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The historical depiction of Nero, Roman Emperor in the early first century, is that of an extravagant and cultured ruler with a ruthless streak, often committing acts that bordered on tyranny. John Matusiak’s reference to Henry VIII as ‘England’s Nero’ in the title of his biography sets out from the start the author’s opinion of this much-debated sixteenth century king.
Matusiak opens his work Henry VIII; The Life and Times of England’s Nero, by History Press with the following quote, said to be Aristotle’s words to Alexander the Great and later quoted to the future Henry VIII by his tutor John Skelton;

“You have vanquished your enemies, you have gained many kingdoms, you have subdued many empires… but all the same you have neglected to control, or have been unable to govern, the small domain of your mind and body”

Once again, the conclusion of Matusiak on his subject is evident from the outset. Nonetheless his book’s claim to be a new look at an old topic certainly holds true once the content is ingested. This isn’t just another ‘by-number’s’ look at Henry VIII.
Matusiak’s explores the mind of Henry whilst attempting to explain the king’s disastrous decline from Renaissance prince to chaotic tyrant. In effect Matusiak’s work almost reads like a psychological evaluation of Henry without allowing his work to become tedious. This is evident from such passages as the following, discussing Henry’s disorganised reformation attempts throughout the latter part of his reign;

“…the King’s religious thinking in these years grew out of and epitomised his egocentricity and arbitrariness, as well as the ultimately unsystematic nature of his thinking”.

Matusiak maintains an intriguingly erudite and captivating narrative throughout the work, keeping the attention whilst accomplishing something which has become difficult in recent times – to make the subject of Henry VIII and his life and times appear fresh. One subject that Matusiak’s glosses over but doesn’t obsess on is the various wives of Henry. We learn what we need to know and how they affected Henry, but we do not become bogged down in needless narrative on Anne Boleyn et al.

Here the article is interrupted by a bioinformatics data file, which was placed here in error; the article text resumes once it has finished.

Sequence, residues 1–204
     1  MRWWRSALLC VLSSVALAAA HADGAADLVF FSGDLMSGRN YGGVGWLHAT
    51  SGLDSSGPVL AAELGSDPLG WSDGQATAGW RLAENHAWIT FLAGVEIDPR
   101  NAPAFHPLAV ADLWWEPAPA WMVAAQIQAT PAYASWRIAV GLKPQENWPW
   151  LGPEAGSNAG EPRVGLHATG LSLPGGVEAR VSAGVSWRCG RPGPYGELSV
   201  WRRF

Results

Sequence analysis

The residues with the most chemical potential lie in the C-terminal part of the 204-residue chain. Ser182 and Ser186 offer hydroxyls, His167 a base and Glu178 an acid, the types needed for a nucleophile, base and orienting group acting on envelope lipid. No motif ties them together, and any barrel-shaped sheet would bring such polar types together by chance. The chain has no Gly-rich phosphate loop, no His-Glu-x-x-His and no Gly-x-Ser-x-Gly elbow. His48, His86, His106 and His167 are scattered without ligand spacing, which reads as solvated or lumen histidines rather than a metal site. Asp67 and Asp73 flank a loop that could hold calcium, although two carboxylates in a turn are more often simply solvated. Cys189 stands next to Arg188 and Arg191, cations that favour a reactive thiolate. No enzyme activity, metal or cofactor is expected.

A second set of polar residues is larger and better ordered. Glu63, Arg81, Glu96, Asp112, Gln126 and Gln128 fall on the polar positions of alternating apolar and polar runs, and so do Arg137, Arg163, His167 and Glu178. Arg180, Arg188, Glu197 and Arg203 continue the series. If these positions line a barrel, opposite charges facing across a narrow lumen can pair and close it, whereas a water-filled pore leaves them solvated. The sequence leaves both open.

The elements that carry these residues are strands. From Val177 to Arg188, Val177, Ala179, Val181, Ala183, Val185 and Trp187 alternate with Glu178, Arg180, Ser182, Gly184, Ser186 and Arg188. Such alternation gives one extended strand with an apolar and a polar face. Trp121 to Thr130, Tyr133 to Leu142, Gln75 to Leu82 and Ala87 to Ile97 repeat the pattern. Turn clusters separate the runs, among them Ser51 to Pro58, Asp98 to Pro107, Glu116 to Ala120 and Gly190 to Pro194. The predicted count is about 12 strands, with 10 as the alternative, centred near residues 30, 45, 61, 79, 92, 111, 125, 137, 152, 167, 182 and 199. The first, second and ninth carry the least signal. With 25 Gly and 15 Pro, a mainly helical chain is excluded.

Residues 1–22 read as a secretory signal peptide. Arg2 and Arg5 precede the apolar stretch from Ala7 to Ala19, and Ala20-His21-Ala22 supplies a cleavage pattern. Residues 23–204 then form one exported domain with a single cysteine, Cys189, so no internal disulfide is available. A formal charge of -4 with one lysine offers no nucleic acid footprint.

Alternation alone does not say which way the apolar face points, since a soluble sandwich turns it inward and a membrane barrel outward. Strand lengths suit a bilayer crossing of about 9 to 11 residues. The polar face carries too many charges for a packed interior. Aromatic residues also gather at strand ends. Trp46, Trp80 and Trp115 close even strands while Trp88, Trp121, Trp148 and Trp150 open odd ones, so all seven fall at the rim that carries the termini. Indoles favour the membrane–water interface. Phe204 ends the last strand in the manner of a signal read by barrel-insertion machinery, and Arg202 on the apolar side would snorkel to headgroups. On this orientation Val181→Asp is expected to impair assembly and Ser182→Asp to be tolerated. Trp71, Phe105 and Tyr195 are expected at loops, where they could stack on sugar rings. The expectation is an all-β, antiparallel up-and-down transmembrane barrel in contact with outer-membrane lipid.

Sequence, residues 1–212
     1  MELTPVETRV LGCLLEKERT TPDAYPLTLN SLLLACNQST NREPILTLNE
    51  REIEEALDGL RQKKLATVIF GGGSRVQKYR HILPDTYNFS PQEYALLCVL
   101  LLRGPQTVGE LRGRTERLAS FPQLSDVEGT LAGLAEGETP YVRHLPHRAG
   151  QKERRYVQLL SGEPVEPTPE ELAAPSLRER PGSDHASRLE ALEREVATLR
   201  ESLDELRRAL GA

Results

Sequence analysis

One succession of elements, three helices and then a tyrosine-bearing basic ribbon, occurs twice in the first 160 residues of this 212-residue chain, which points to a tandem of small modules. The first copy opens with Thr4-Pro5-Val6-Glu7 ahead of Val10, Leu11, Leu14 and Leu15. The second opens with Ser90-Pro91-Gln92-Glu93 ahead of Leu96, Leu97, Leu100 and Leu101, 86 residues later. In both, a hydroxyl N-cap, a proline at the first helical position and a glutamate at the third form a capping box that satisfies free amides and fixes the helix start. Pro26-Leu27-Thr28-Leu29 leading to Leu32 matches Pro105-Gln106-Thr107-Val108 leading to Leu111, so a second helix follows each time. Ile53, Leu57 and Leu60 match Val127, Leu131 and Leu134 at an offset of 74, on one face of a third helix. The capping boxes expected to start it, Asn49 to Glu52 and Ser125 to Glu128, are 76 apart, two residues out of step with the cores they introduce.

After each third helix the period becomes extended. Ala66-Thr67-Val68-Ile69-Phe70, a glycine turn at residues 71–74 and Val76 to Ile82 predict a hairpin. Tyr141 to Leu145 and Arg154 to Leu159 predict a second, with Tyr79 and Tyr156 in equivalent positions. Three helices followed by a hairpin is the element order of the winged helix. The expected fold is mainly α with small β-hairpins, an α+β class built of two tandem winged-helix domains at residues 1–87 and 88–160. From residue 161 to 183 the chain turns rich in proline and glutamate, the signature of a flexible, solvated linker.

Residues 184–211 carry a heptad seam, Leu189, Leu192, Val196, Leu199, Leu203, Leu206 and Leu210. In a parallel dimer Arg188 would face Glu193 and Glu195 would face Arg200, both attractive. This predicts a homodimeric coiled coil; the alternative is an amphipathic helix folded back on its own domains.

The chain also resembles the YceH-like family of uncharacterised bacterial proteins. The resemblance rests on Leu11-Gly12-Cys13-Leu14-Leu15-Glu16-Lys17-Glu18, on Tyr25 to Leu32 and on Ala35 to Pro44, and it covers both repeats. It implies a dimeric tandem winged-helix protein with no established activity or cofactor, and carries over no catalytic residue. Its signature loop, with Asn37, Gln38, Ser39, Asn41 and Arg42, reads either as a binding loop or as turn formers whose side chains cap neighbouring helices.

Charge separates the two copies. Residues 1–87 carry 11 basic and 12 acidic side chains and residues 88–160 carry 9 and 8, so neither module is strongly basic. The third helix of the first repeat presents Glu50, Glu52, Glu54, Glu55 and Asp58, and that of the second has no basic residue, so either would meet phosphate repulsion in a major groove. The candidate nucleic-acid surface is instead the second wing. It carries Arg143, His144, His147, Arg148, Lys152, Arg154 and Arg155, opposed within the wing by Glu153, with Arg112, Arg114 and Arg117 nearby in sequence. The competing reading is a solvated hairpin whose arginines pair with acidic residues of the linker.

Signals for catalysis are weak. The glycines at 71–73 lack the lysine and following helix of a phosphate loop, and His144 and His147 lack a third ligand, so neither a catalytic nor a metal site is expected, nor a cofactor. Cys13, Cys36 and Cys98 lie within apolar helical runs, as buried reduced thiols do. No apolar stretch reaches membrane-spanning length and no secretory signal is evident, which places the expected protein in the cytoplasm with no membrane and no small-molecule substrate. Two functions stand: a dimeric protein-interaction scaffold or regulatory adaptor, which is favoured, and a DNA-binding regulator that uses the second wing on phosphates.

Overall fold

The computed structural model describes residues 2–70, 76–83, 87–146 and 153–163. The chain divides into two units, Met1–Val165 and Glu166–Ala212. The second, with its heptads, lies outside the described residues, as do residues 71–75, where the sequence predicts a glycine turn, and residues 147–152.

It must be noted that the author does not paint a positive portrayal of the man throughout the work, exposing Henry’s flaws, weaknesses and fears in what is overall a cold and ruthless analysis. This, Matusiak argues, just supports the theory that Henry was a mere man, and not the mythical figure that has become a cliché in recent memory. Indeed it is to Matusiak’s credit that whilst he doesn’t seek to glorify Henry, he also ensures he doesn’t demonise him. This book is a portrait of a real man with real issues, worries and concerns and how these personal issues found themselves manifested in matters of state.

Matusiak’s overall conclusion on Henry seems to be that, for all the fluff that exists around the subject, Henry was simply a bad king, undeserving of mythological status. He was indecisive, he was egotistical and he was selfish. Was Henry ‘unfit for power’ as Matusiak puts it? After reading this work, it’s difficult to disagree. A recommended piece of work.

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